The Alzheimer's Diaries: a love story

By Susan Elkin

A sardonic, powerful, loving, diarized account of caring for a partner with Alzheimer’s

Tuesday, 27 October 2020

"Medical Stuff"

In my home office I had, until this week, a deep plastic filing box marked "Medical Stuff" - paperwork, his and mine.

Probably time to go through it and throw out everything obsolete (or something), I thought. The paper was twelve inches deep: letters from Lewisham Hospital, from the consultant psychiatrist, the occupational therapist, the podiatrist, the palliative care nurse and so on and on. Yes, Nick really did become a "case" in his final couple of years - having hardly ever seen a doctor in the preceding seven decades. "I feel as if I've been cheated" he would say in his more sentient moments. And I would reply: "Yes, you've been very, very unlucky. It's a horrible illness and there's nothing remotely fair or just about your having got it," I've never been a liar or a dissembler. Spades are spades in my world.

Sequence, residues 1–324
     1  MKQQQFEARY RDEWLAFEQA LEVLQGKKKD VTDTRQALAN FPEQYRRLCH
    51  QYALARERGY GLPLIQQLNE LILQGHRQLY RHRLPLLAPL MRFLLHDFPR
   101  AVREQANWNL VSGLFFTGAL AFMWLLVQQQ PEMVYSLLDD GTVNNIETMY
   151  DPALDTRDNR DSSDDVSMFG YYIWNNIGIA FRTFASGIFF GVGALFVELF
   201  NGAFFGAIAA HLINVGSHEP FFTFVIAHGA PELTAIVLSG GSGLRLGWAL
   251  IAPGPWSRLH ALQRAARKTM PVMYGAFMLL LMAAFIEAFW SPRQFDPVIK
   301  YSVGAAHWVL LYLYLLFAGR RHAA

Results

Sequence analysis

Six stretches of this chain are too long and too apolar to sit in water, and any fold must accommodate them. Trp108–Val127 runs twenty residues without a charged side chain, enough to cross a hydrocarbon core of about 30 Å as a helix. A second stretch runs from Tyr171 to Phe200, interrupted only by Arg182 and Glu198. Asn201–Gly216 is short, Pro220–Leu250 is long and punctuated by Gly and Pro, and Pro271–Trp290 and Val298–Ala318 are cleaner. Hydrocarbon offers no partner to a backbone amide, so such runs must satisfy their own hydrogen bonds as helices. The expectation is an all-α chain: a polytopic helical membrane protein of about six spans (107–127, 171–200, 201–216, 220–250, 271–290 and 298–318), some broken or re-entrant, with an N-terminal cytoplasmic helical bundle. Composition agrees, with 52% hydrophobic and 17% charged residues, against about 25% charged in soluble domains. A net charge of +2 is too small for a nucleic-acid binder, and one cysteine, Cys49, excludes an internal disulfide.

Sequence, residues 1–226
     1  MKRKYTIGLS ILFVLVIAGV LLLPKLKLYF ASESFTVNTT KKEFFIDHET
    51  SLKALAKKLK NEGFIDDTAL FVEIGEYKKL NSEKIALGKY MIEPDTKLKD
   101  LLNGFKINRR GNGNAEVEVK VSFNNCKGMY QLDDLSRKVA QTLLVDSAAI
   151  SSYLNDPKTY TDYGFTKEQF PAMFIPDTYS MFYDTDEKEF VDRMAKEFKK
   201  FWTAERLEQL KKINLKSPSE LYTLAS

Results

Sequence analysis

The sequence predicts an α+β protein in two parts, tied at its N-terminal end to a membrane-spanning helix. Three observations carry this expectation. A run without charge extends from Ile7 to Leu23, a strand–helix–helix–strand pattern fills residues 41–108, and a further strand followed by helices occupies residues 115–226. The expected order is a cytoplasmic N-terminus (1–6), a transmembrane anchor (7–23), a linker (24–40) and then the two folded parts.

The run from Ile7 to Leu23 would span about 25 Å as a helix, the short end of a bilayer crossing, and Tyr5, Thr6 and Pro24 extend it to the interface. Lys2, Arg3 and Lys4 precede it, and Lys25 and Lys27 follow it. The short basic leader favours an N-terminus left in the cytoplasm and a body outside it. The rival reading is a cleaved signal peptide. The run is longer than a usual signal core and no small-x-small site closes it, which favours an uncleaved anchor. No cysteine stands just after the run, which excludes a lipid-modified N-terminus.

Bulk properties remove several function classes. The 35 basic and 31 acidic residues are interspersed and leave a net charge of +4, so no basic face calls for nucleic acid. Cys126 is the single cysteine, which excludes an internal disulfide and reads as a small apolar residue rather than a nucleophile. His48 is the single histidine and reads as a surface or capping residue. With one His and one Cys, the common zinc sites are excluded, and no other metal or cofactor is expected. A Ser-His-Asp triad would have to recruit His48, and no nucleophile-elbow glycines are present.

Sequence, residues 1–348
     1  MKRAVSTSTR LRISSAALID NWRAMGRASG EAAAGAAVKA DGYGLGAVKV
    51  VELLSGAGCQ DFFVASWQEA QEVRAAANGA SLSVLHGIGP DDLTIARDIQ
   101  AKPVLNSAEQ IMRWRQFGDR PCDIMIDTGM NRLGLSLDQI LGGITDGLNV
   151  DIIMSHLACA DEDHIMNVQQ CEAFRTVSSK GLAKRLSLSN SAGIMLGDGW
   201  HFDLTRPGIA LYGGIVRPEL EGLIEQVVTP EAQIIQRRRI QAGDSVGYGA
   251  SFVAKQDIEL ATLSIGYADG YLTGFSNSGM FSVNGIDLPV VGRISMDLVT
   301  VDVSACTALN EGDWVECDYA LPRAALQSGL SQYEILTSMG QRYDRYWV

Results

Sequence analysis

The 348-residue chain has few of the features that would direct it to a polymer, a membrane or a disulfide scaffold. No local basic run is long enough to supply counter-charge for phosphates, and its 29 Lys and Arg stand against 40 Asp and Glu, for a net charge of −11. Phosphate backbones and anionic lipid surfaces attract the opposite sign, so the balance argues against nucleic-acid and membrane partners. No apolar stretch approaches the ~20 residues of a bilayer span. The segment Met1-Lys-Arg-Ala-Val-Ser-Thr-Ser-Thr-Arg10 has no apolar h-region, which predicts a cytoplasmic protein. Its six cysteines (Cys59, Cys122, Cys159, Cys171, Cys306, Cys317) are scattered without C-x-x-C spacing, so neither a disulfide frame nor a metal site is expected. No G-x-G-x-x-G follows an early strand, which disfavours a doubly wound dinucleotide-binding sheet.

Anyway, I systematically disposed of every letter and document - keeping only the dozens of newspaper cuttings I'd collected in case I need them when I come to edit The Alzheimer's Diaries; a love story. There is still an Alzheimer's story almost every day, incidentally. On the the day of writing  it's a study from Denmark suggesting that manual workers are more susceptible to the disease than office workers.

Once all Nick's "medical stuff" was gone I was left with just two pieces of paper which relate to me: my most recent optician's prescription and a letter from an orthopedic specialist I saw a couple of years ago about pain in my left thumb which has since improved on its own. I no longer need that big plastic box, A thin folder will do. As an exercise it brought home to me just how very fortunate I am and how miserably unfortunate Nick was. Blessings, counting and all that.

Meanwhile The Alzheimer's Diaries: a love story is 50% funded. Please spread the word as much as you can to help raise the rest. Onward and upward! 

Back to project synopsis
Share on social

Comments

Roger Pinnock
 Roger Pinnock says:

Dear Susan
So pleased to hear the funding is progressing. How long, I wonder, before the healing process makes the seven decades of not seeing a doctor more memorable than the sadness and anger of the last two? I am sure it will come, if it hasn’t already.
Best wishes
Roger

posted 27th October 2020

Top rewards